January 4, 2013
Research Shows Using Text, Color Makes Food Labels Easier to Understand
- New research suggests that using text and color to describe nutrient levels is more effective than just using numbers to convey nutritional information
- The findings are based on a literature review performed by researchers at RTI International
- The review suggests that labels on the front of food packages and on grocery aisle shelves can help consumers make better food choices
- Lisa Bistreich-Wolfe
- Kami Spangenberg
RESEARCH TRIANGLE PARK, N.C. -- As the spotlight on healthy eating and nutrition grows ever brighter, new research suggests that including colorful and graphic nutrition information on product packages helps consumers better understand the information.
According to a literature review conducted by RTI International, using text and color to describe the nutrient levels, rather than just numbers, is a more effective way to ensure consumers understand nutritional information.
A team of researchers found that when labels incorporated text and color to indicate “high,” “medium” or “low” levels of nutrients, they were easier for consumers to interpret than those that used only numbers, such as grams per serving or percent of Recommended Dietary Allowances.
The literature review, published in the January issue of Nutrition Reviews, systematically analyzed 38 studies on consumer responses to nutrition labels on the front of food packages and on grocery aisle shelves to determine which aspects of labels had the strongest impact on consumer attention, understanding and purchasing behavior.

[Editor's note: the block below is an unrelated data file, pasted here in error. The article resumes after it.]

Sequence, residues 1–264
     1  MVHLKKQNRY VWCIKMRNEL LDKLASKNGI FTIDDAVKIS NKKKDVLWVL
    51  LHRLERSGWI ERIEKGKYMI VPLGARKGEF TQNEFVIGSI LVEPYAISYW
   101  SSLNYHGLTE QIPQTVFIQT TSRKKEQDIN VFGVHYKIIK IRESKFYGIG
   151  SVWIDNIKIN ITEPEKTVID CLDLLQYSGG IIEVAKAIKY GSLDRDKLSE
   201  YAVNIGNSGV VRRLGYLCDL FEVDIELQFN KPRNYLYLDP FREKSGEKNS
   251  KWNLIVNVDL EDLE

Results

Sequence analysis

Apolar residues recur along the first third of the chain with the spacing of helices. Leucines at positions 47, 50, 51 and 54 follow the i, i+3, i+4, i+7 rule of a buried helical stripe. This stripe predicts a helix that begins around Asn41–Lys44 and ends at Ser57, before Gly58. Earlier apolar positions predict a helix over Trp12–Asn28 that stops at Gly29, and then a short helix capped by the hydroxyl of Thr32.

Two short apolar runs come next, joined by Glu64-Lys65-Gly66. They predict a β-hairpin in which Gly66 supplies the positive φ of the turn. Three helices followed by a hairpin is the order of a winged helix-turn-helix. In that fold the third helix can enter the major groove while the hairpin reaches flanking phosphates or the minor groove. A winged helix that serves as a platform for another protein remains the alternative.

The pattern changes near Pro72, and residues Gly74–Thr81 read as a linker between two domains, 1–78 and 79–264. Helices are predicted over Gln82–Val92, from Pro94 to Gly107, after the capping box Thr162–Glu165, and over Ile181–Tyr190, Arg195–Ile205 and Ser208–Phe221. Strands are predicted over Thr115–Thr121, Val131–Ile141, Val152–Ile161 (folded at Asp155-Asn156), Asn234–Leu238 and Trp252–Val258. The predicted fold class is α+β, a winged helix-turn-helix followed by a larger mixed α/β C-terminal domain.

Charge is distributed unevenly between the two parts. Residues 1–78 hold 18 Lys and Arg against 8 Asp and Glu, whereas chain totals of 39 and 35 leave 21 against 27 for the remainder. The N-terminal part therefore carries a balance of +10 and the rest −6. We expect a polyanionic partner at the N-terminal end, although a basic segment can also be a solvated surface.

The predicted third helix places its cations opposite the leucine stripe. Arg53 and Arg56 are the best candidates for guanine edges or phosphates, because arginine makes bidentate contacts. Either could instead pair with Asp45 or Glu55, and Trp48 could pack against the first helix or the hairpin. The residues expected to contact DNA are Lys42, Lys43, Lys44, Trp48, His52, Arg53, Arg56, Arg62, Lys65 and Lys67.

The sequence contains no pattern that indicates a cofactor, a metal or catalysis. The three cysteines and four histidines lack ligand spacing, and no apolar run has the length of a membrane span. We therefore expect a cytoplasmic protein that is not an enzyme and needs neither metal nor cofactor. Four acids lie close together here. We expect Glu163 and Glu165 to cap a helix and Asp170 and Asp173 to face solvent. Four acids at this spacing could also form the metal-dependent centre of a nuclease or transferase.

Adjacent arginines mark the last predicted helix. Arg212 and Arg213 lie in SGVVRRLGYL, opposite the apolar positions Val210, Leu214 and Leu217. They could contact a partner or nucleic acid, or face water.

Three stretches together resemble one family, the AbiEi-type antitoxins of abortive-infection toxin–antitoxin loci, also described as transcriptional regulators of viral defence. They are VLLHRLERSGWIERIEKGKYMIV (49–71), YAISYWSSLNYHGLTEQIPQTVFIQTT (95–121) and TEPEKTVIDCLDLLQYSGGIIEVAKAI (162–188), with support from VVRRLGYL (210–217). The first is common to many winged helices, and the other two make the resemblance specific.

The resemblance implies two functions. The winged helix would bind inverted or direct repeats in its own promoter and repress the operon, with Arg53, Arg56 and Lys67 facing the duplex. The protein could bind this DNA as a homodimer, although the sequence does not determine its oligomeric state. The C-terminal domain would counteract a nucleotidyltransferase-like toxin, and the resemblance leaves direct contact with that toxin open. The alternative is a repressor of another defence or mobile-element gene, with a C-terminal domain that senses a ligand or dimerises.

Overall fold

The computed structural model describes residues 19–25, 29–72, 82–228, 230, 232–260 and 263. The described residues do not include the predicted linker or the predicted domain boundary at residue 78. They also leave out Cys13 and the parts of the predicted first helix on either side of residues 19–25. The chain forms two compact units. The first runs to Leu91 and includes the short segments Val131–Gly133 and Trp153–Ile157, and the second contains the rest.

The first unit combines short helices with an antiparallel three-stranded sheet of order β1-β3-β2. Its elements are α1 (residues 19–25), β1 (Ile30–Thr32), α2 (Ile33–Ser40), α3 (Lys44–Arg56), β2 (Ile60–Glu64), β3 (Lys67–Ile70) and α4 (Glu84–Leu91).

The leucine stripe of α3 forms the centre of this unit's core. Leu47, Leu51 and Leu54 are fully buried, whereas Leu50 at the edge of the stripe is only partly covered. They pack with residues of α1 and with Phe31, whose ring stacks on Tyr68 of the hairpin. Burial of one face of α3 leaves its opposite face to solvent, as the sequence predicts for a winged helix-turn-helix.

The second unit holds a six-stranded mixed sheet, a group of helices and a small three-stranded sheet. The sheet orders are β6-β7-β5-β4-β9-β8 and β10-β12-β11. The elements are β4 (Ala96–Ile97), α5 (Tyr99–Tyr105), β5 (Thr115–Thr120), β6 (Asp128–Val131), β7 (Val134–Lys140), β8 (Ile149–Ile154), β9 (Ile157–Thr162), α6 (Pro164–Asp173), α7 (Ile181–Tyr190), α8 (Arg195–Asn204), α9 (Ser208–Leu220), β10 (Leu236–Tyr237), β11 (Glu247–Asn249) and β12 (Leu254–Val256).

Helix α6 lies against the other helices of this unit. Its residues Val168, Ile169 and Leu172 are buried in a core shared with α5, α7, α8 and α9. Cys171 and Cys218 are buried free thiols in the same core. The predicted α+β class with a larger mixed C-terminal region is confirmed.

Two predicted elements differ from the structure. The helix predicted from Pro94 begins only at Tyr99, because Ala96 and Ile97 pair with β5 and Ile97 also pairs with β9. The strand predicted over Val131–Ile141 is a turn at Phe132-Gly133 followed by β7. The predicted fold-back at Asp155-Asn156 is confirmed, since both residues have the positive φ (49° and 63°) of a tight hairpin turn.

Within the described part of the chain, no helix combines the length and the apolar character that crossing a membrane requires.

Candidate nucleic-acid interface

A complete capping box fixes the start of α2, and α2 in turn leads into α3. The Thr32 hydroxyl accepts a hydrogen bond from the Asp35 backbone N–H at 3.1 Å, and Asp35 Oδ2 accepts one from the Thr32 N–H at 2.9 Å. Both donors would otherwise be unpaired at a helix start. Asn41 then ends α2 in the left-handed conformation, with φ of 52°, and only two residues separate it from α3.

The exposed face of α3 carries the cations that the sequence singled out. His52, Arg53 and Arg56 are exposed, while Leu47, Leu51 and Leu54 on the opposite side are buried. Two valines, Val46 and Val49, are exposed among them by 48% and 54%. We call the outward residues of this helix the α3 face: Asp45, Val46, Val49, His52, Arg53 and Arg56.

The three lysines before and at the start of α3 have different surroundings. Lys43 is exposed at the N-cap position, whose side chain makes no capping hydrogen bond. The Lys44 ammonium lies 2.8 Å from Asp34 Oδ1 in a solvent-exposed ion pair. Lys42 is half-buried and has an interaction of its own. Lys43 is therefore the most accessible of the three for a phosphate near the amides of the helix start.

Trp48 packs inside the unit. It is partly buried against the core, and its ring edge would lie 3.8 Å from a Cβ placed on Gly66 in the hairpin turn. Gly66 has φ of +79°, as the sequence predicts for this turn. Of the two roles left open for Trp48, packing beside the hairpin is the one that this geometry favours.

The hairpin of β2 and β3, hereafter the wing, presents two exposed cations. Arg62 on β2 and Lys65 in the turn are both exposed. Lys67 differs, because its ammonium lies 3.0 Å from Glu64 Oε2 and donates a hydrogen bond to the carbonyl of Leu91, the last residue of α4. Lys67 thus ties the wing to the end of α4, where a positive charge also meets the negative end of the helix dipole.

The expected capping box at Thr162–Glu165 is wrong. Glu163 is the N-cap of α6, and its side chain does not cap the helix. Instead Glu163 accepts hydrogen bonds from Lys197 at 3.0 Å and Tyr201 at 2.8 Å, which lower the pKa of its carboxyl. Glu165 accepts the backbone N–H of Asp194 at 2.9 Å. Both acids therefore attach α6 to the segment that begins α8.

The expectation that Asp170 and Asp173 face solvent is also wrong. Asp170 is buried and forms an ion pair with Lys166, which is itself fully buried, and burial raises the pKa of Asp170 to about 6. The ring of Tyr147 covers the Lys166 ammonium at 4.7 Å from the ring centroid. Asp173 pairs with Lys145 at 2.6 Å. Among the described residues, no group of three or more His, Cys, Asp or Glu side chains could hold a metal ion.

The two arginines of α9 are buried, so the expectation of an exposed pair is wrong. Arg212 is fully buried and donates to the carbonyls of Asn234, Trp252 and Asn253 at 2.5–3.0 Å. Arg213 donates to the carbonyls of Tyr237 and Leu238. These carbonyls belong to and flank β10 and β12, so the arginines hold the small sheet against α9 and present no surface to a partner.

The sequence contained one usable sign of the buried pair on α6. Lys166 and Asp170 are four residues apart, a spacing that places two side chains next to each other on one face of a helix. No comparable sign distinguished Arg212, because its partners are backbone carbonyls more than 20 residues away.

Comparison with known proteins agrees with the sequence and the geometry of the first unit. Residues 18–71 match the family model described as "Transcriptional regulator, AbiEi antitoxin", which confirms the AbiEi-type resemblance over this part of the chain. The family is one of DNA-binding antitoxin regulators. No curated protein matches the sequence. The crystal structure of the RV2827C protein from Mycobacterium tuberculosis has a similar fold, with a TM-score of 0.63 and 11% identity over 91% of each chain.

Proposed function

In general, the studies suggest that labels on the front of food packages and on grocery aisle shelves can help consumers make better food choices. The results may help guide development of nutrition labels that quickly capture the attention of consumers and prompt them to pick healthier foods.
“As standards for nutrition front-of-package and shelf-labeling systems are considered, it is important to know what is most effective in conveying scientifically accurate and useful information to consumers,” said James Hersey, Ph.D., a senior scientist at RTI International and lead author of the study.
This review uncovered a number of knowledge gaps. "Although some research suggests that summary systems may influence consumers to purchase healthier products, more research is needed to assess front-of-package and shelf nutrition labels effects on consumers' shopping and eating behaviors," said Kelly Wohlgenant, policy analyst at RTI and the study's co-author.
The authors recommend that for the largest public health impact, nutrition label education and communication efforts should target consumers at high risk of obesity-related illness rather than those who are already focused on nutrition.
James C. Hersey
Senior Research Psychologist